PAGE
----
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Fund Buyer - Active ETFs: the next big thing?

Date: 22 February 2024

4 minute read

On today’s fund buyer I discuss a major trend in the US asset management industry that has gone somewhat unnoticed in Europe, the rise of active ETFs. We are beginning to see these instruments move into Europe, but they are nowhere near as popular as in America. Could the next couple of years see that change?

Before we delve into the details, what exactly do we mean by an active ETF? For many, ETFs are synonymous with passive investing, but an ETF is simply a vehicle that holds an underlying bundle of investments. Essentially, it is nothing more than a wrapper. It also has the benefit of trading throughout the day on the back of live prices, and as such, can allow traders greater opportunity to time the market, should that be what they are aiming to achieve.

In the US, the active ETF market is growing rapidly, up around 30% last year, and accounts for around US$500bn in assets. Bear in mind that this is new growth in active management, bucking the trend and general narrative that active management is simply seeing outflows. So why are they proving so popular? In the US the major factor is taxes. These vehicles are much more tax efficient than open ended vehicles, and that has been the clear driver.

There are other factors to consider though. ETFs trade throughout the trading day, updating based on live pricing, with settlement more akin to a stock than traditional open-ended funds. At the margin, costs are likely to be lower, although they do not equate to passive level fees, just because they are ETFs. The lower fees reflect slightly lower running costs due to ETFs not including the costs of advice, marketing, distribution in the way that open-ended equivalents often do.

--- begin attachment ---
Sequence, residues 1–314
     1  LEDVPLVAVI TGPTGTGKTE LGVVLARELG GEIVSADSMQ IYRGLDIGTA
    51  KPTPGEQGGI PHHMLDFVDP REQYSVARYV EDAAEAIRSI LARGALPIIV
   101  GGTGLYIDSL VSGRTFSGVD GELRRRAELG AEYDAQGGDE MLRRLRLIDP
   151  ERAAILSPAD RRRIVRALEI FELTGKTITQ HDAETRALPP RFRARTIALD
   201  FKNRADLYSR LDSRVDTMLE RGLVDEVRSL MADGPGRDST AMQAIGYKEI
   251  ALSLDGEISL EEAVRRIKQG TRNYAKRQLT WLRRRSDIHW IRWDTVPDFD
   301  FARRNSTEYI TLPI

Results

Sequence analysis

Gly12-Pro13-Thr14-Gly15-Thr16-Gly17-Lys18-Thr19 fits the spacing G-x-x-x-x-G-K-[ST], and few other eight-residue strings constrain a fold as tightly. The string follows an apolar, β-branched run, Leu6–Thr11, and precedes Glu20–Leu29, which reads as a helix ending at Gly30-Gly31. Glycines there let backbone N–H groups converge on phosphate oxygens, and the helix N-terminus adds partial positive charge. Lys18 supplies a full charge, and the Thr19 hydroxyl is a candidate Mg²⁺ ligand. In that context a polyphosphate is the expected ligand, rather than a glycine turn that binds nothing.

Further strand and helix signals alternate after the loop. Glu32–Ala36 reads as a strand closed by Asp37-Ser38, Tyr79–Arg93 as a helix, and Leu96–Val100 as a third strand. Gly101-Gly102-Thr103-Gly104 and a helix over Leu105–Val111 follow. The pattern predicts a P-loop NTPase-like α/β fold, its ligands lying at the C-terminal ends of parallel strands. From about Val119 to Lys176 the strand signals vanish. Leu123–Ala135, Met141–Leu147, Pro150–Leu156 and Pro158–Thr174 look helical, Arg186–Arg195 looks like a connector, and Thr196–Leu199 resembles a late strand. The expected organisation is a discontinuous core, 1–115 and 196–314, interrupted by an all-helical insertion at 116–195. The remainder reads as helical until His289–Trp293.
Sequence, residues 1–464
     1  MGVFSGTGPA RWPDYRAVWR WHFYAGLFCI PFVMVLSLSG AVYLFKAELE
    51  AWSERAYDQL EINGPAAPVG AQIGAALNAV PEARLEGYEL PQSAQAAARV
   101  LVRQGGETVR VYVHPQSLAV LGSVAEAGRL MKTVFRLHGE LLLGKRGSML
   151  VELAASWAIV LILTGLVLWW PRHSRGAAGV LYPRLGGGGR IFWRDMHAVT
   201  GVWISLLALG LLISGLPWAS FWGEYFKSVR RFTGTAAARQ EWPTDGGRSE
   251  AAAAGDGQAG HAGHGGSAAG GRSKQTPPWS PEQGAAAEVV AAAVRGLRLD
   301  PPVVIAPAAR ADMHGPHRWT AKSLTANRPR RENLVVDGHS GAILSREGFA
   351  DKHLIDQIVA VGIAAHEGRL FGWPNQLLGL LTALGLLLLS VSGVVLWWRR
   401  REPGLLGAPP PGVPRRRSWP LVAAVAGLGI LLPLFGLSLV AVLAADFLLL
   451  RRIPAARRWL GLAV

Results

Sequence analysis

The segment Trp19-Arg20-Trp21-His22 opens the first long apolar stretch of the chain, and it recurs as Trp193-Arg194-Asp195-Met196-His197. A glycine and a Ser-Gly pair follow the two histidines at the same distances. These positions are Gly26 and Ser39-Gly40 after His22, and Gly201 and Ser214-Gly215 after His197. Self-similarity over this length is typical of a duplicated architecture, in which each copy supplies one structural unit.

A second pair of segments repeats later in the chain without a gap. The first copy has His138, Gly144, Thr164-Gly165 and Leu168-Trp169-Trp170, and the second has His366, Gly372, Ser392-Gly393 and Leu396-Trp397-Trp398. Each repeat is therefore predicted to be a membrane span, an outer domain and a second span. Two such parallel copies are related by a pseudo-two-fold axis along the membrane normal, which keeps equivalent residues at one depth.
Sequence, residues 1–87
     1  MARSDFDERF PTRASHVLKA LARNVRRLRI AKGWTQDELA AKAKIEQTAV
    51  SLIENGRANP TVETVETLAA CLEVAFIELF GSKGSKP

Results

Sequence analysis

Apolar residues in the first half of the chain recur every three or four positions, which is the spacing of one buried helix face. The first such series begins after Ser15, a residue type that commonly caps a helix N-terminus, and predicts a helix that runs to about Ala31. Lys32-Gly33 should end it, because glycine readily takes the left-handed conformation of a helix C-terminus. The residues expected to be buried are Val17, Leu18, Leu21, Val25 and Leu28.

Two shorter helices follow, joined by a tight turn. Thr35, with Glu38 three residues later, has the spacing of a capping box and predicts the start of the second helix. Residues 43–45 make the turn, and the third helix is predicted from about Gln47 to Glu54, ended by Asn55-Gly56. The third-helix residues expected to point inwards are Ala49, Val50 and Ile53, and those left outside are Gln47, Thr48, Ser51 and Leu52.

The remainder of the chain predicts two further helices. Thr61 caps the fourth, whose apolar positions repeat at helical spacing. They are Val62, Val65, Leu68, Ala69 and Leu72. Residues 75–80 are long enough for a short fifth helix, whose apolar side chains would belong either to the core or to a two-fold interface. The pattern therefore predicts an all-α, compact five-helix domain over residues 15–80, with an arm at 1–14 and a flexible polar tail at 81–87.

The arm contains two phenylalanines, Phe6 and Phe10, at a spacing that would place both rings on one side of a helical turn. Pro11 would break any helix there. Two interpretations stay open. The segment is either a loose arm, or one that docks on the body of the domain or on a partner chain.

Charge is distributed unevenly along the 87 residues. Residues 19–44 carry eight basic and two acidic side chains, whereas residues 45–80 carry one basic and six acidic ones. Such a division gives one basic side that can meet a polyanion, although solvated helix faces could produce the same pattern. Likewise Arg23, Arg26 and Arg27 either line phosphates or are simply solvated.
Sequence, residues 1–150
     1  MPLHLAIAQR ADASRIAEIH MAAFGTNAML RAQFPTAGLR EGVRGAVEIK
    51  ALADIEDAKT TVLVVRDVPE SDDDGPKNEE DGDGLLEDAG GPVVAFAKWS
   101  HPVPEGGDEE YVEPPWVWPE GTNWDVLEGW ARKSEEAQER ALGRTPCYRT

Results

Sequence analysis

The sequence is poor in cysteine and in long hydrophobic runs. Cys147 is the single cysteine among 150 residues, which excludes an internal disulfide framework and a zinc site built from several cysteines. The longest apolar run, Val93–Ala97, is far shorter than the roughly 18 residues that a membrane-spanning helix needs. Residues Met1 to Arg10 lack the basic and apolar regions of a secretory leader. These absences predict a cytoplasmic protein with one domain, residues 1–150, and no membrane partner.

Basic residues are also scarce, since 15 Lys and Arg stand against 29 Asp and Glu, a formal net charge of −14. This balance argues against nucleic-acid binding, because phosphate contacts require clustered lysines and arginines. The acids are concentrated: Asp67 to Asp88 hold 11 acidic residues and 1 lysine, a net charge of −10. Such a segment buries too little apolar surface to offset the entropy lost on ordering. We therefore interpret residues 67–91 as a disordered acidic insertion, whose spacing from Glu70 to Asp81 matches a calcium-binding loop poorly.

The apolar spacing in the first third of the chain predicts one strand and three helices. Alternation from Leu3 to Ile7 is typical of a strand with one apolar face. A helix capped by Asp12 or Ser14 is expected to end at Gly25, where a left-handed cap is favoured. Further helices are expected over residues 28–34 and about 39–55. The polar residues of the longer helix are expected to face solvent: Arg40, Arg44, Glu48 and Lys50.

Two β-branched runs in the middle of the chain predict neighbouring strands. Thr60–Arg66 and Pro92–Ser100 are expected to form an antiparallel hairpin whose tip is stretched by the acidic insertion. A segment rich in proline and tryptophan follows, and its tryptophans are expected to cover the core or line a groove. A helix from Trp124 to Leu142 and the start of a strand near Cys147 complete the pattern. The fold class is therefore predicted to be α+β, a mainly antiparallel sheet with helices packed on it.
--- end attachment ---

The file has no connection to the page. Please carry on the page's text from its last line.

There are downsides though. Because ETFs cannot close to investors, unlike open-ended funds, strategies with limited capacity are not suitable — one reason why offerings tend to be in large cap assets or more diversified strategies.

Another interesting characteristic is the requirement for transparency of holdings. Many investors will see this as a positive, but it can potentially have its challenges for asset managers seeking to build a position over days or weeks, as other investors may attempt to front run an idea. That said, some of the largest active managers in the US have embraced the trend.

Plenty of listeners may not have even of heard of active ETFs given their lack of coverage. That’s primarily because the tax advantages simply do not exist in Europe. This limits the attraction significantly, but slightly lower costs are not to be sniffed at, whilst many appreciate the shorter settlement periods. The difference in size of the two markets is pretty stark at present, with the US$500bn in the US comparing to around €35bn (US$37.67) in European domiciled assets at year end. For the European market it also seems that there has been more of a bias towards sustainable options than the US market.

One obvious local limiter Is that platforms struggle to deal with ETFs, but there are plenty of market participants that can take advantage.

There has been a definite increase in the noise around active ETFs in Europe in the last twelve months though, with JPMorgan, for example, adding to their range. Another potential catalyst is the arrive of Cathie Wood, the well-known US growth investor, and possibly the most famous proponent of active ETFs via her company Ark. Last year she took a stake in Rize ETF, with the intention of launching ARK ETFs equivalent to her US franchise here. Judging from conversations with a handful of asset managers, there are more product launches in the pipeline for European investors on there way.

If I had to predict, I would say that in the next three years the landscape will begin to change, challenging open-ended funds, asset managers, platforms, and even investment trusts. However, I think it’s unlikely to take off at the speed seen in the US, if only because the financial benefits are not quite as large in Europe.

As ever, we will see in due course.

This is a marketing communication and is not independent investment research. Financial Instruments referred to are not subject to a prohibition on dealing ahead of the dissemination of marketing communications. Any reference to any securities or instruments is not a personal recommendation and it should not be regarded as a solicitation or an offer to buy or sell any securities or instruments mentioned.

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